After recently stumbling across the blog of self proclaimed “most popular goth on Youtube” I realize how much I have grown away from the whole “I am goth” phase.
This is not to say that I no longer fit into some mould that could be considered “goth”, but it is to say that term “goth” is a highly dynamic, pre-determined concept. It’s a concept that lacks definition and boundary, yet to some of those within the subculture they would swear there are rules that must be adhered to before you can truly be one of them. Like any group, subculture, or type of person, the words used to define them only goes so far as the concept already created by the person hearing the word.
Goth, punk, jock, blond, businessman, all of which have assumed images attached to them and if that image you have in your head does not match what someone else tells you about that particular group then you can only assume it to be wrong or far too broad a definition for the term to even apply.
When I think of what a goth person is, I would generally think dark clothes, vaguely anti-social, moderate to above average intelligence and an interest in music that isn’t typically mainstream. Though, another person may think of people in trench coats that shoot up schools or burn down church’s or that goths are Satanist or of any particular religion at all. Some may even think that one who has dyed their hair black is reason enough to call them goth.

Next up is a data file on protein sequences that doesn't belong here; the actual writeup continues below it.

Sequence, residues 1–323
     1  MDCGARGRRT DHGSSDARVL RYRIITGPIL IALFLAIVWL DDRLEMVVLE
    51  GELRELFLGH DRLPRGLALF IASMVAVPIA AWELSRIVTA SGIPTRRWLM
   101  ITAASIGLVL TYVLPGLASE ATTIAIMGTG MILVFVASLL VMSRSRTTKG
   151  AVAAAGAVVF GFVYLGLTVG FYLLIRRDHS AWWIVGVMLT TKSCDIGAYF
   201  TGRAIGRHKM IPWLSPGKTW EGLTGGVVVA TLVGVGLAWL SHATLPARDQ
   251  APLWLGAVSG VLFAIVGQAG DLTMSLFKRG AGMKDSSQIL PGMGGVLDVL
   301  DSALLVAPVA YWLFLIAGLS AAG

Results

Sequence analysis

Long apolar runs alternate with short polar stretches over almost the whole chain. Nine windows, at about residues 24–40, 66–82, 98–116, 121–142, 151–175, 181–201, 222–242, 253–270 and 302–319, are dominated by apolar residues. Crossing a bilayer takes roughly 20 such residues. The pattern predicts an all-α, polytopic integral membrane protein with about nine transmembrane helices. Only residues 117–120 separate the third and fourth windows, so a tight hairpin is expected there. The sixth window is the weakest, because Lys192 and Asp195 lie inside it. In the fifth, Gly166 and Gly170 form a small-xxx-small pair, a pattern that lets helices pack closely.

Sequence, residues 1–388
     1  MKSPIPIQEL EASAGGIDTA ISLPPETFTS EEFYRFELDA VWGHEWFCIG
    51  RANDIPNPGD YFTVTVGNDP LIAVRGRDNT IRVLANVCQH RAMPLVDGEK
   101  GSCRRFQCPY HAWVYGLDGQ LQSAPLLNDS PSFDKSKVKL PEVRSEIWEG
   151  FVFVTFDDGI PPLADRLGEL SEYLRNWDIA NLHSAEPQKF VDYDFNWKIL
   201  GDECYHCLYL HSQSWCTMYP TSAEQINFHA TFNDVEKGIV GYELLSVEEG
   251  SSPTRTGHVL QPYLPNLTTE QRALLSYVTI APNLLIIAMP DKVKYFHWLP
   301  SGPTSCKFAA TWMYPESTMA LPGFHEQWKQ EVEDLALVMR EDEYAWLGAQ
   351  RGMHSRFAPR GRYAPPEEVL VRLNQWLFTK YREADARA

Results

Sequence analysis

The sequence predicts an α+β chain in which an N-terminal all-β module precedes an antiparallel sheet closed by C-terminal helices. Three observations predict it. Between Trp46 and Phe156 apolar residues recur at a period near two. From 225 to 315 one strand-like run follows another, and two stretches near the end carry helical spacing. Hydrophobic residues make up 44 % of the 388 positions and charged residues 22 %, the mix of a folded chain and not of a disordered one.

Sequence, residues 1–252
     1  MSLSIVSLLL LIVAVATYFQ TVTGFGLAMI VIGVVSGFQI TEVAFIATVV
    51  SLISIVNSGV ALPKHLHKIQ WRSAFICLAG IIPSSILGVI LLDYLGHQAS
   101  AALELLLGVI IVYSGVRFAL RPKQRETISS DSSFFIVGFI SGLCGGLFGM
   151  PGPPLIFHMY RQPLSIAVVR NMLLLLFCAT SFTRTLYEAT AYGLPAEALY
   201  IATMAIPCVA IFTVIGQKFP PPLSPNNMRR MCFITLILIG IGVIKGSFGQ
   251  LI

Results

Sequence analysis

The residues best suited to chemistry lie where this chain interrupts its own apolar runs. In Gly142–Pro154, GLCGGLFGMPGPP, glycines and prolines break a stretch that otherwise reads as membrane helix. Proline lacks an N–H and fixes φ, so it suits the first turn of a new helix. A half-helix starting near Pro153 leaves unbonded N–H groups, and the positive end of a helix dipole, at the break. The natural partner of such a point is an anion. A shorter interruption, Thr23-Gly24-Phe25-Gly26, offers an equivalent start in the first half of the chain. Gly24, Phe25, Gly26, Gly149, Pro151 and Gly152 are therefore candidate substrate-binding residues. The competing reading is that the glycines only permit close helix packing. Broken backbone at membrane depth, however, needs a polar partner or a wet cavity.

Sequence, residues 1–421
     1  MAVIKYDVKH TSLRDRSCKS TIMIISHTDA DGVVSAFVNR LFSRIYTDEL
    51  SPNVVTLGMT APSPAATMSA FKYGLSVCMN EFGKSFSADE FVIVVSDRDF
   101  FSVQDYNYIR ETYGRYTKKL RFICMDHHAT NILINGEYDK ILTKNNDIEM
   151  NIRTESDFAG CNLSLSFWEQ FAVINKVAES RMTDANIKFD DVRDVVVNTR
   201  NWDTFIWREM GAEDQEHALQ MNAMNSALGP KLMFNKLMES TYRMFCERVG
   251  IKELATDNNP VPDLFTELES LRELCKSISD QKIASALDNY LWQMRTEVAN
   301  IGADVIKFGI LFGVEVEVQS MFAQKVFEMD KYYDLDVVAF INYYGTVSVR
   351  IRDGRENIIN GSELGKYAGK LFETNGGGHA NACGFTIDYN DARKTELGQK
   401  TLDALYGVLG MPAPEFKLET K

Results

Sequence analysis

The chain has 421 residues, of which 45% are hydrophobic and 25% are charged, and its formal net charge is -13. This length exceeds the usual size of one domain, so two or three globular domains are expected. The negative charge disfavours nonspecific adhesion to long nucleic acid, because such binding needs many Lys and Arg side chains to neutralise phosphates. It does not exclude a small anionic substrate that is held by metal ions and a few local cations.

People who call themselves goth probably assume they know the boundaries of the term and its main definable features, and they would also assume that they fit within those boundaries. Yet, those same people have been known to call others “posers” for calling themselves goth, only because they don’t fit into the same boundaries the elitist goths have created for themselves. In essence one should only refer to themselves as goth to give a general idea to a person who has at least some basic understanding of the image or mindset, then elaborate on how they feel they fit into that subculture.
To just say you are goth, as a matter of fact, with real no intention behind it other than to say you belong to a very specific group then you are misusing the term and the language in a way that can easily confuse and construe peoples perception of the word goth.
I find it’s much easier to simply refer to others as alternative, those who have piercings, tattoos, wear odd clothes, dye their hair, listen to different music. Alternative people have as much in common with each other as two “goth”s likely would. Each subculture seems to share many common interests and to strictly limit yourself to one set image by applying a term to yourself for no reason other than to limit your creativity then you have already lost your creativity completely.
My main point I am trying to make, don’t call yourself anything, be who you want to be, your look is nothing but your look, it’s not goth, punk, emo or anything else, it is just your look. Others may look the same, but that is also because its a look that appeals to them. Just be you, be alternative, remove all definition. Goth means nothing anymore, and maybe it never really did.